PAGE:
As per the facts of the case, two cheques of Rs 5,00,000 and Rs 5,98,000 were dishonoured on 28-05-2019. The complainant sent a notice on 11-06-2019. Upon not receiving any money, on 29.06.2019 the complainant filed the complaint under Section 138 of Negotiable Instrument Act, 1881. Consequently, a summoning order dated 03-09-2019 was issued whereby which the petitioner was supposed to present himself on 30-11-2019. The counsel for the petitioner Ajay Dubey upon being asked to explain that why the summoning order is bad, stated that as per the provisions of Section 138 the petitioner cannot be asked to answer the summons as he had already filed a reply and the complaint could have been filed only after 15 days of his reply and it was filed before the said date. The petitioner’s counsel further contended that summoning order was not in compliance with the provisions of Section 138 and that the application was falsely implicated due to enmity and financial dispute with the complainant.

Perusing the arguments and the Sections 138 and 142 of NI Act, the Court observed that the 15 days statutory period as per Section 138 proviso (c), is for making payment and does not constitute ingredients of offence punishable under Section 138. The proviso simply postpones the actual prosecution of the offender till such time he fails to pay the amount, then the statutory period prescribed begins for the lodging of complaint. The Court noted that, “In the case in hand, the petitioner herein replied to the notice which goes to show that the intention of the drawer is clear that he did not wish to make the payment. Once this is clarified, should the complainant wait for the minimum period of 15 days, the answer would be ‘no’”.[Ravi Dixit v. State of U.P., 2020 SCC OnLine All 1056, decided on 23-09-2020]


Sucheta Sarkar, Editorial Assistant has put this story together

Appointments & TransfersNews

President appoints the following as the Additional Judges of the Allahabad High Court in the order of seniority, for a period of two years with effect from the date they assume charge of their respective office:

S/Shri (1) Sanjay Kumar Pachori (2) Subhash Chandra Sharma (3) Subhash Chand and (4) Smt. Saroj Yadav

Read the notification here: NOTIFICATION


Ministry of Law and Justice

[Notification dt. 11-09-2020]

Case BriefsHigh Courts

Allahabad High Court: Dr Kaushal Jayendra Thaker, J., addressed a petition where protection was sought of the Court by a couple against threats and harassment by family members.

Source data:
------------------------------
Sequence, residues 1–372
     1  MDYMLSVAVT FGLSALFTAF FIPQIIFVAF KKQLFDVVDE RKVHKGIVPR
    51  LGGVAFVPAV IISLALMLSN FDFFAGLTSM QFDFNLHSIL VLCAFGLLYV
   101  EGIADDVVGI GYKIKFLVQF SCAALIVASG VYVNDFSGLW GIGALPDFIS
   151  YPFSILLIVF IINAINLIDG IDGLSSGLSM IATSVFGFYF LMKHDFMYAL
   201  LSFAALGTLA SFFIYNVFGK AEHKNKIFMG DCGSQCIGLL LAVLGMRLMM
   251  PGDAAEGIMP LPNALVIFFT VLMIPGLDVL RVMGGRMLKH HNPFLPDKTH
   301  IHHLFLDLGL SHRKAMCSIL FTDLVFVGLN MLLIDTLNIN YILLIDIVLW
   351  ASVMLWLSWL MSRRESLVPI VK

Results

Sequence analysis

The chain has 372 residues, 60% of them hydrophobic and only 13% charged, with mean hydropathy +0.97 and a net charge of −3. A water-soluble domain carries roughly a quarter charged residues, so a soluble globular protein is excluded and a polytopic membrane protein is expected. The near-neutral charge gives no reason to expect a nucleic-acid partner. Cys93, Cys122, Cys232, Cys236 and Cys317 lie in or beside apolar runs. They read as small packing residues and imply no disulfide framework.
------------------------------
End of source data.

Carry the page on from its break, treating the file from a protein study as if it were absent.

The Petitioners (a wife and her husband) sought directions upon respondents not to interfere in their married life and also sought the protection of their life and liberty.

Harassment & Threat

Petitioners stated that they are adults and living together as husband and wife out of their own free will. For the said reasons, the respondent and his other family members were angry with them and that there was serious danger to the petitioners’ lives as they were being threatened and harassed.

Age

To substantiate their claim the petitioner-wife submitted her high school certificate as proof that she was a major now and along with that, the petitioner-couple have brought on record the complete online application for registration of their marriage.

Family Honour

Petitioners have an apprehension that the respondents would eliminate them for the honour of the respondent’s family.

Contentions

Standing Counsel for the State submitted that an FIR is already pending against the petitioner-husband when he and the petitioner-wife had eloped and that the petitioner-husband has been charged with having committed an offence under POCSO Act (the petitioner-wife being a minor at that time) and therefore, he ought not be granted protection of the Court.

Petitioners’ counsel submitted that the FIR was lodged when the petitioners had first eloped but now they have entered into wedlock and the petitioner-wife is now major and therefore, the FIR not being recent but of 2018, cannot come in way of their getting married and getting protection by this Court.

Decision

The Bench stated that there is no need to issue any notice to the private respondents and with the consent of the petitioners’ counsel, the petition is disposed of in terms of the Rules of the Court. The Supreme Court in a long line of decisions has settled the law that where a boy and a girl are major and they are living with their free will, then, nobody including their parents, has any authority to interfere with their living together.

Cases for reference:

Gian Devi v. Superintendent, Nari Niketan, Delhi, (1976) 3 SCC 234; Lata Singh v. State of U.P., (2006) 5 SCC 475; and Bhagwan Dass v. State (NCT of Delhi), (2011) 6 SCC 396.

Therefore, in view of the facts and circumstances of the case, the Court stated that in case of any disturbance being caused in the peaceful living of the petitioner, they shall approach the police authority concerned.

Petition was partly allowed. [Priya Verma v. State of U.P., 2020 SCC OnLine All 1023, decided on 07-09-2020]

Case BriefsHigh Courts